1 big thing: The wages mystery
The U.S. economy is confounding: Three months from the longest expansion since such data began being tracked 170 years ago, the economy keeps pumping out strong job growth, and has now pushed down unemployment to a 50-year low.
- Yet it is delivering only middling wage growth — lower, for instance, than the last expansion in the 2000s. That has been an enduring mystery, especially amid month after month of ultra-low jobless figures over the last year.
What's happening: In its latest report, the Labor Department today said April joblessness was at a drum-tight 3.6%, the lowest since 1969.
- Normally, such a number would be considered to well satisfy the 4% minimum needed to show "full employment," which takes into account people changing jobs as a matter of course.
- But in the current expansion, government and private economists say there is room yet for jobs to get even tighter.
The presumed continued slack in the economy may explain why wages grew just 3.2% in April.
- That's double the approximately 1.6% inflation rate over the last year, providing workers a real gain. But economists point out that wages routinely grew by more than 4% on an annual basis during the expansion in the 2000s.
- Joseph Brusuelas, chief economist at RSM (whose numbers are behind the above chart), says that such low monthly jobless figures should deliver greater wage gains. "Nominal wage growth is modest at best compared to previous business cycles late in the expansion."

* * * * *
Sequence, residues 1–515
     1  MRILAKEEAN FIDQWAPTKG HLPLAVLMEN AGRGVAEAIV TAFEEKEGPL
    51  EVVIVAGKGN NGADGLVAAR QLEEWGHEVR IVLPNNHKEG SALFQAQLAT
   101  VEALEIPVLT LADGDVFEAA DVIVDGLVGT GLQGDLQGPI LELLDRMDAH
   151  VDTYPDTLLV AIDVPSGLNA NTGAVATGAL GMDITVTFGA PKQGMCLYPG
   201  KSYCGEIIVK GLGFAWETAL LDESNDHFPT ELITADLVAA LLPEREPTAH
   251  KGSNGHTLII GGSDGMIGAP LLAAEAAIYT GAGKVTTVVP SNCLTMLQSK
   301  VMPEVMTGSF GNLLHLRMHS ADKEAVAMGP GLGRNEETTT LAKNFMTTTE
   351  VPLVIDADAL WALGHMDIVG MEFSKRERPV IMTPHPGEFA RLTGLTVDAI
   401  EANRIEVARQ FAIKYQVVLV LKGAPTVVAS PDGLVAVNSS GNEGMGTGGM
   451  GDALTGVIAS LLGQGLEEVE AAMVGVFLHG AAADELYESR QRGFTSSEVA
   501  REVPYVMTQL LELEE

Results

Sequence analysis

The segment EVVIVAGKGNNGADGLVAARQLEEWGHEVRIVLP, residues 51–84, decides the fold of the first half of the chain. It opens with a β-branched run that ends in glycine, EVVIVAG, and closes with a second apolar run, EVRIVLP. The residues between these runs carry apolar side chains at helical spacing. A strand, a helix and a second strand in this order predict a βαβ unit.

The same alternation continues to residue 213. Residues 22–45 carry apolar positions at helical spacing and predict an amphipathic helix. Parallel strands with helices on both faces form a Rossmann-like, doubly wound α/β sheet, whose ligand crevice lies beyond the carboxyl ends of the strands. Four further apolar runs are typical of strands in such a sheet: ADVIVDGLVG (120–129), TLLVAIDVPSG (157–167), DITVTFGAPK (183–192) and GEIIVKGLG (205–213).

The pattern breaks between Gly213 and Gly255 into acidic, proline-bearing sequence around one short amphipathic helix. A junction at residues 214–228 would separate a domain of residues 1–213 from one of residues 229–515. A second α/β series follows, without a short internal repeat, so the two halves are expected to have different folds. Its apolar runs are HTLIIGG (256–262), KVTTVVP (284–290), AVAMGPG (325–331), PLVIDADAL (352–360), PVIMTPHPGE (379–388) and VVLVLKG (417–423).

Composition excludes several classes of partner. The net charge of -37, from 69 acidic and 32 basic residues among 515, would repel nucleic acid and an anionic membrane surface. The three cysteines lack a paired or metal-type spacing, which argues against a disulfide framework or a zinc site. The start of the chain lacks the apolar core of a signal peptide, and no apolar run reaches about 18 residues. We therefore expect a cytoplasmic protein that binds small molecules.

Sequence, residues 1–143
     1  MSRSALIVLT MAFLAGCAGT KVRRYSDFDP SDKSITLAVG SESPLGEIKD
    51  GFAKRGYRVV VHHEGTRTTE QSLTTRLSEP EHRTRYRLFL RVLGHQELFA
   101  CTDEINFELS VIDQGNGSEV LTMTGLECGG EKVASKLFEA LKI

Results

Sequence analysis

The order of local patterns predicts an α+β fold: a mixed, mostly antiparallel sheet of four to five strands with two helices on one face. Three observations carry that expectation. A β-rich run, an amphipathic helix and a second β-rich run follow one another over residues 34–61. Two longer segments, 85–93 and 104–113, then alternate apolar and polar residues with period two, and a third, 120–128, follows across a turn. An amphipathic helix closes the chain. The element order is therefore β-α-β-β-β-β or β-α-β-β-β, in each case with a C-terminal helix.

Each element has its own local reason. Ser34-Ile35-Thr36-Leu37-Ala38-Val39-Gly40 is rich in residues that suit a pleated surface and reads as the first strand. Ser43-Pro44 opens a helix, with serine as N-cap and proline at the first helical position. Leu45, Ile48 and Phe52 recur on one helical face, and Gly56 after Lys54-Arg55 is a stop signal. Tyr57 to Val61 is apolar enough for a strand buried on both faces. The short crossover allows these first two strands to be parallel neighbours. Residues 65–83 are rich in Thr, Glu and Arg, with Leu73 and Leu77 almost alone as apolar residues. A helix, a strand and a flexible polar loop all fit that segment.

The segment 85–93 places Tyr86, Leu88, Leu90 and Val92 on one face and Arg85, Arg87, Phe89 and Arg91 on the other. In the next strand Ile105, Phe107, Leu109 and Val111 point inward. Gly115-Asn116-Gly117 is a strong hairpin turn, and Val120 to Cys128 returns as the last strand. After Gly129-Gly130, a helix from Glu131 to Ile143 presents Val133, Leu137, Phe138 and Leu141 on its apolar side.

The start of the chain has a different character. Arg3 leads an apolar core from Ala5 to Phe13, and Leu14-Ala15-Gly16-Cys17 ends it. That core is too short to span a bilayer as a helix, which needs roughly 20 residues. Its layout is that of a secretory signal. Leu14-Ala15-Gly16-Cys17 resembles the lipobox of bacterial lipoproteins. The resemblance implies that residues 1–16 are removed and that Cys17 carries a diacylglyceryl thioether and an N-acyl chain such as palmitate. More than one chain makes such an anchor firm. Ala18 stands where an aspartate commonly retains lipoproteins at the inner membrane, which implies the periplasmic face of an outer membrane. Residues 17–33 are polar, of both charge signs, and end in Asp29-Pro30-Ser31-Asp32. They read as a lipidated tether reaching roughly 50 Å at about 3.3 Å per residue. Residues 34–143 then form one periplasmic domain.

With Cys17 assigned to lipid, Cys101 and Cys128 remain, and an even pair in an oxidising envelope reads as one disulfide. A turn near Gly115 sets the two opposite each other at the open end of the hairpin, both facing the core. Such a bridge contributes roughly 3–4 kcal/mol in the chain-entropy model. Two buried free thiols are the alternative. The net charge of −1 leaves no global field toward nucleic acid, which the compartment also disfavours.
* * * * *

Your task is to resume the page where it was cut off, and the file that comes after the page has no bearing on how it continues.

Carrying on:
This does not mean economists are unhappy with today's jobs report. On the contrary, they're mostly elated by the higher-than-expected 263,000 jobs created in April. They also by and large treated the wage gain as something to crow about.
- But this is because economists are largely trained to look at wage gains as a key contributor to inflation, which they regard as the No. 1 thing to guard against.
- Very few economists treat the greater ability of workers to buy goods and services as a fundamental measure of economic health.
The political environment is starting to change that. Decades of largely flat wages and the loss of economic stature across U.S. cities and counties are thought to be a contributing factor in widespread alienation and institutional mistrust.
- Economists are also becoming more comfortable with wage gains because inflation does not appear to be taking off.
What's next: Andrew Chamberlain, chief economist at Glassdoor, says these economic conditions are an argument for the Fed to keep interest rates flat and not tighten them.
- "The Fed should let the economy burn hot," he tells Axios. "This is one of those times historically where workers at the bottom can win gains."
- Wage growth for the lowest-paying jobs are seeing the highest gains. Detailed figures are available only up to March. But in the first quarter, the lowest quartile saw a 4.4% wage increase year on year.
- Among the steepest gains have been bartenders (a 9.6% increase on average over the last year), retail cashiers (4.6%) and bank tellers (4.6%).